We perform cataract surgery in Hoffman Estates, Northwest Chicago
Cataracts refer to when the normally clear lens of your eye clouds over. In a nutshell, cataract surgery removes this hazy lens and replaces it with a transparent artificial intraocular lens (IOL). At Sullivan Ostoich Eye Center, Dr. Kevin L. Sullivan is a board-certified ophthalmologist and surgeon, expertly qualified and highly experienced in performing laser and cataract surgery.
The main symptoms of cataracts are blurry vision and increased glare from lights. Sometimes these problems are so minor that they don’t disturb your daily life. However, when cataracts are more severe, they can impair your ability to live normally, such as:
- Performing your job properly
- Watch television
- Climb staircases
- Identify faces confidently.
Cataracts may also interfere with medical treatment of another ocular condition, such as diabetic retinopathy or macular degeneration, as they can prevent a thorough eye examination of the back tissues of your eye. These are all reasons why your eye doctor may recommend cataract surgery. Dr. Sullivan will meet with you in Northwest Chicago to discuss your candidacy for the procedure.
Preparing for Cataract Surgery
There are a variety of types of IOL’s available, with different features. To determine the best option for you, it’s advised to discuss the benefits and risks of each type with your eye doctor or optometrist.
About a week before your scheduled surgery, an ultrasound test will be done to measure the shape and size of your eye. The procedure is relatively quick and totally painless. These measurements will help decide upon the most appropriate type of IOL.
You may be advised to discontinue specific medications prior to cataract surgery, in case they raise your risk of bleeding during the procedure. To decrease the risk of infection, antibiotic eye drops may also be prescribed for a few days. From 12 hours before the surgery, you may also be instructed not to eat or drink.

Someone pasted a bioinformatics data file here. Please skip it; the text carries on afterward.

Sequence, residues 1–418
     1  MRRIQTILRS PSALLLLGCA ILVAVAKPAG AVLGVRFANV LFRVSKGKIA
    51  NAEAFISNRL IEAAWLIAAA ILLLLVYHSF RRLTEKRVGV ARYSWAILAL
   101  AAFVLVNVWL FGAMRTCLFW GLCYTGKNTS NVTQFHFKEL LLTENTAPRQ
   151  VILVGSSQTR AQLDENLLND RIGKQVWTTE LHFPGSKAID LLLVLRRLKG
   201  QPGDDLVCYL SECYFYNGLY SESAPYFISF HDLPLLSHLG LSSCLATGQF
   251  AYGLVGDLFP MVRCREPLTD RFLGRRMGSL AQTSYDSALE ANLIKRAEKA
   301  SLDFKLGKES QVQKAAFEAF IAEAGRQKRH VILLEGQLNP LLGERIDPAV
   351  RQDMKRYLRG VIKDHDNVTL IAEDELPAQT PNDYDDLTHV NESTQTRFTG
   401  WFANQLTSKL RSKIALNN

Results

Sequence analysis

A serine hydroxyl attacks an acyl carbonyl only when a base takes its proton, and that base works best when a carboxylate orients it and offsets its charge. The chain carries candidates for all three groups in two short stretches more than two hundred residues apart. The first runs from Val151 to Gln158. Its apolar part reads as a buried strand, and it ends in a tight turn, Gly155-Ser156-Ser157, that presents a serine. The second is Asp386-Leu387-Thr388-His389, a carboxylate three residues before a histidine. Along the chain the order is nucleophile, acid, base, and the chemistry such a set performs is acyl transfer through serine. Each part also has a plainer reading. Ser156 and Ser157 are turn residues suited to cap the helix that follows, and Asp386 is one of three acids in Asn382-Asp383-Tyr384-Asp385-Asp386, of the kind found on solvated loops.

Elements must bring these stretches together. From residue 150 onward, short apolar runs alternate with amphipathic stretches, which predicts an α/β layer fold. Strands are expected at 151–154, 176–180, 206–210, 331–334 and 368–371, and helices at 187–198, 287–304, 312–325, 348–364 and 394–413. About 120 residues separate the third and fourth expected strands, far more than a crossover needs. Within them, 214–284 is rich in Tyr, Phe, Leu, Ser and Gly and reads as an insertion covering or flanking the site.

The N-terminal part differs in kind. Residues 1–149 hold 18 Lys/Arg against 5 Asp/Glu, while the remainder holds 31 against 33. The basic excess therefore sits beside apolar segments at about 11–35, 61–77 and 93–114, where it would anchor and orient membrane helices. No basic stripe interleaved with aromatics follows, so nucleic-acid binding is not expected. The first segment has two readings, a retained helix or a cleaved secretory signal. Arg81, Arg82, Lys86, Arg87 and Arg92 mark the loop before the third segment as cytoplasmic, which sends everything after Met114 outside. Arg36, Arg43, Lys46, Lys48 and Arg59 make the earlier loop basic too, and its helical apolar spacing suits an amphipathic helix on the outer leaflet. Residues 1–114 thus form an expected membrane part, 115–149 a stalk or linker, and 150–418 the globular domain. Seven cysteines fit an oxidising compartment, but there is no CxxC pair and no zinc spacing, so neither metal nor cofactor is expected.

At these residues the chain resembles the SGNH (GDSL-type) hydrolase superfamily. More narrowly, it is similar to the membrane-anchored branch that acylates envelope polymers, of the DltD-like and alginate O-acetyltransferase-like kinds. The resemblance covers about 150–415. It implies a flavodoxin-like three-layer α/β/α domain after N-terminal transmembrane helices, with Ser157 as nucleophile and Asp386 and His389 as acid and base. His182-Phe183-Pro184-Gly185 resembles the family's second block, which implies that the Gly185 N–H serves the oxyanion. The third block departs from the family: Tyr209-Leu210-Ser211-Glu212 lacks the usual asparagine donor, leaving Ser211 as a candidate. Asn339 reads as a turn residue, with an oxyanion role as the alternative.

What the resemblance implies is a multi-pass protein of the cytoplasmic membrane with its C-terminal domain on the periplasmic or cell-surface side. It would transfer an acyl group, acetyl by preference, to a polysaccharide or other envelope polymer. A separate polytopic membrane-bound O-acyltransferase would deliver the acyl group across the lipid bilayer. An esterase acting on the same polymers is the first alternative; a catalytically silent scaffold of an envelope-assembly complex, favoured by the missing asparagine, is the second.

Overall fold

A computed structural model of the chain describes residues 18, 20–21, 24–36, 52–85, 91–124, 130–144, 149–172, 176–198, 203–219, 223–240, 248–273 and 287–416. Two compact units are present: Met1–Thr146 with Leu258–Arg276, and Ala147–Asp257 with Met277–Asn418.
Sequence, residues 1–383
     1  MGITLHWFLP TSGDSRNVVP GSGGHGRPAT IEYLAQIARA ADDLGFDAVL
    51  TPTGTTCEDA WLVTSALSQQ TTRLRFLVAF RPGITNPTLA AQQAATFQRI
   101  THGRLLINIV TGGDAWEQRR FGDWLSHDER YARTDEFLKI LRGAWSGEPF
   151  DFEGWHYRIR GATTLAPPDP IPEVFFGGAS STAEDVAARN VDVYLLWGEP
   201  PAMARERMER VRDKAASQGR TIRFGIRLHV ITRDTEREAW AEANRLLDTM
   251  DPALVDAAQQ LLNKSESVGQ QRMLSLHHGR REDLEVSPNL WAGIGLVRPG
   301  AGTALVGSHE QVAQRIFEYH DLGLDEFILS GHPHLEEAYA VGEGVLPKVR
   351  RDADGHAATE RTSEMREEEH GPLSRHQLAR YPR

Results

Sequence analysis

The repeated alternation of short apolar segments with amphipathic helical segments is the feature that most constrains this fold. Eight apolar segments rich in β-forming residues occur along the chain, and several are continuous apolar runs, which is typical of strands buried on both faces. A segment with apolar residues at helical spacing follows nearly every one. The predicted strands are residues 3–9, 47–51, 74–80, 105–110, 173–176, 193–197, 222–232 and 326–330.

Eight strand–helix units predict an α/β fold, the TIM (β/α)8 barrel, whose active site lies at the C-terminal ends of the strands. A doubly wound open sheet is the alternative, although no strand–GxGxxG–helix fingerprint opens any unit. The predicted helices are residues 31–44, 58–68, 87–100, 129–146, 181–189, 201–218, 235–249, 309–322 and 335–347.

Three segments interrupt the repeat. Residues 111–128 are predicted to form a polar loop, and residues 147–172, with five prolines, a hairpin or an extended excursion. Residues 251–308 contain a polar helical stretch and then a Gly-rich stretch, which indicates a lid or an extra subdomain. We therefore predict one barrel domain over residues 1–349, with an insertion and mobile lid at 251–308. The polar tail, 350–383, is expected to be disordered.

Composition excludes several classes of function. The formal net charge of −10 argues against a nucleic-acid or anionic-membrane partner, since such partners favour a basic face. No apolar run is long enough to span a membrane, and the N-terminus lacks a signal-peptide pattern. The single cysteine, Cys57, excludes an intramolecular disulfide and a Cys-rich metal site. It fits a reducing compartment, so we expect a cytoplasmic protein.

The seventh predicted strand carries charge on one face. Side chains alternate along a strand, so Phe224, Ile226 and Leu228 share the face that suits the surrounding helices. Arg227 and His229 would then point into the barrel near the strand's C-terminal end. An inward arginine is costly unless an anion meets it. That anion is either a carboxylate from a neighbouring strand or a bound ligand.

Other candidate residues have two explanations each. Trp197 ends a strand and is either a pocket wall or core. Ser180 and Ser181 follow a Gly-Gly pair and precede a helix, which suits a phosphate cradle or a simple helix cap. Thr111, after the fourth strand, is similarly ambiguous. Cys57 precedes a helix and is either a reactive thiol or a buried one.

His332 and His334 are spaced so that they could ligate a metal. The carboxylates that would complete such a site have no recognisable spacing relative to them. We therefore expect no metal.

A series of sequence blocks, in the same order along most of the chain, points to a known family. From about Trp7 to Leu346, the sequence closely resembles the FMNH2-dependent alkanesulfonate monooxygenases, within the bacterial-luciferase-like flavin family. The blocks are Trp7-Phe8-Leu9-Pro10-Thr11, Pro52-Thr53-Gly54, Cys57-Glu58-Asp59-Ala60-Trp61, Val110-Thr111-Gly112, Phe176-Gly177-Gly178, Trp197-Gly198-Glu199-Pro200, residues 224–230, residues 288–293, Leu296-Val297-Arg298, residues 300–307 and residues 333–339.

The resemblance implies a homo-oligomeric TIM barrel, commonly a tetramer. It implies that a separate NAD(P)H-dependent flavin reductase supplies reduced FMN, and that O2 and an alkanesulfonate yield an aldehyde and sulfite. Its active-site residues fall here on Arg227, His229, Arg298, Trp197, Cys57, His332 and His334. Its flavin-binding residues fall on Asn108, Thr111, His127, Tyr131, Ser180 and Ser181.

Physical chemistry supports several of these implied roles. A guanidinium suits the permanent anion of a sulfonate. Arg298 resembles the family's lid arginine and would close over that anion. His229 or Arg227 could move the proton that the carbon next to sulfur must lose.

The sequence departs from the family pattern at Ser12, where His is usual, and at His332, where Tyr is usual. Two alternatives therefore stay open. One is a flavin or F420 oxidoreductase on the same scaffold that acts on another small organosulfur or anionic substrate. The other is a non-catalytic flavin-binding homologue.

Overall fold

What to Expect During Cataract Surgery at Your Hoffman Estates Eye Doctor
Start to finish, the entire procedure generally takes one hour or less and is done on an outpatient basis. We’ll walk you through the basic steps of what to expect:
- Your eye doctor will insert dilating eye drops and you’ll be given local anesthetics to numb the eye region. You may also be prescribed a relaxing sedative that will make you groggy but not put you to sleep.
- The clouded lens will be removed and an artificial, clear IOL will be implanted. The implant is composed of either plastic, silicone or acrylic, and you will not be able to feel, see or sense it in your eye. It becomes a permanent part of your care and needs no care.
- Immediately after the surgery, your vision will likely be blurry. This should improve within a couple of days, as your eye heals. You will not be able to drive yourself home after the surgery, so be sure to arrange a ride. You may also need help for about a week, for activities such as lifting and bending may be limited by your doctor.
Will I Need Glasses After Cataract Surgery?
One of the most asked questions after cataract surgery is, are glasses necessary? For this, and all typical questions regarding cataract surgery, ask your Sullivan Ostoich eye doctor!
What to Expect After Cataract Surgery
Within a day or two after the procedure, you’ll need to return for a follow-up eye exam with a member of the optometry team in our Hoffman Estates office. We are trained to provide quality co-management for cataract surgery.
Mild discomfort and itching are common complaints, and it’s important to refrain from rubbing or pushing on your eye. You may be given a protective shield or eye patch to wear on the first day, or for a few days after the surgery. Medicated eye drops may also be prescribed. Expect your complete course of healing to take about eight weeks.
This is a very common, safe procedure, and cataract surgery complications are not typical. If complications do arise, they are usually treated easily. Some possible risks include bleeding, infection, swelling, retinal detachment, glaucoma and loss of vision. If you have another ocular disease or serious medical condition, your chance of complications is higher.
The vast majority of people who undergo cataract surgery enjoy restored, clear vision as a result!